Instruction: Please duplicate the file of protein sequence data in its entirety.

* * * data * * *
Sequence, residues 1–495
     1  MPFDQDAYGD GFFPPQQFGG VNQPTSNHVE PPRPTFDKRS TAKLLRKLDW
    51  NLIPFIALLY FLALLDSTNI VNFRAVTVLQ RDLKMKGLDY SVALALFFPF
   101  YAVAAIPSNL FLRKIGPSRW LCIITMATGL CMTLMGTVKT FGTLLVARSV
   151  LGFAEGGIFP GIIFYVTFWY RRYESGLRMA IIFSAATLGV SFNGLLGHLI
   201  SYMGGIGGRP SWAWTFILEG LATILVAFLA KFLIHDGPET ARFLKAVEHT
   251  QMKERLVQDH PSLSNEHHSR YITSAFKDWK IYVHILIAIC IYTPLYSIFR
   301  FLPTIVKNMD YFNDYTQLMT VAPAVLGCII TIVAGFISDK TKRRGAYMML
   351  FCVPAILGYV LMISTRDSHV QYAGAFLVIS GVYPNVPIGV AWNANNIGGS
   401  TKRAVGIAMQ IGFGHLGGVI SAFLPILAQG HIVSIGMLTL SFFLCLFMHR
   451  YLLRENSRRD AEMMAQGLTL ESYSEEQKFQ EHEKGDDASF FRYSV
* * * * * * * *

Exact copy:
Sequence, residues 1–495
     1  MPFDQDAYGD GFFPPQQFGG VNQPTSNHVE PPRPTFDKRS TAKLLRKLDW
    51  NLIPFIALLY FLALLDSTNI VNFRAVTVLQ RDLKMKGLDY SVALALFFPF
   101  YAVAAIPSNL FLRKIGPSRW LCIITMATGL CMTLMGTVKT FGTLLVARSV
   151  LGFAEGGIFP GIIFYVTFWY RRYESGLRMA IIFSAATLGV SFNGLLGHLI
   201  SYMGGIGGRP SWAWTFILEG LATILVAFLA KFLIHDGPET ARFLKAVEHT
   251  QMKERLVQDH PSLSNEHHSR YITSAFKDWK IYVHILIAIC IYTPLYSIFR
   301  FLPTIVKNMD YFNDYTQLMT VAPAVLGCII TIVAGFISDK TKRRGAYMML
   351  FCVPAILGYV LMISTRDSHV QYAGAFLVIS GVYPNVPIGV AWNANNIGGS
   401  TKRAVGIAMQ IGFGHLGGVI SAFLPILAQG HIVSIGMLTL SFFLCLFMHR
   451  YLLRENSRRD AEMMAQGLTL ESYSEEQKFQ EHEKGDDASF FRYSV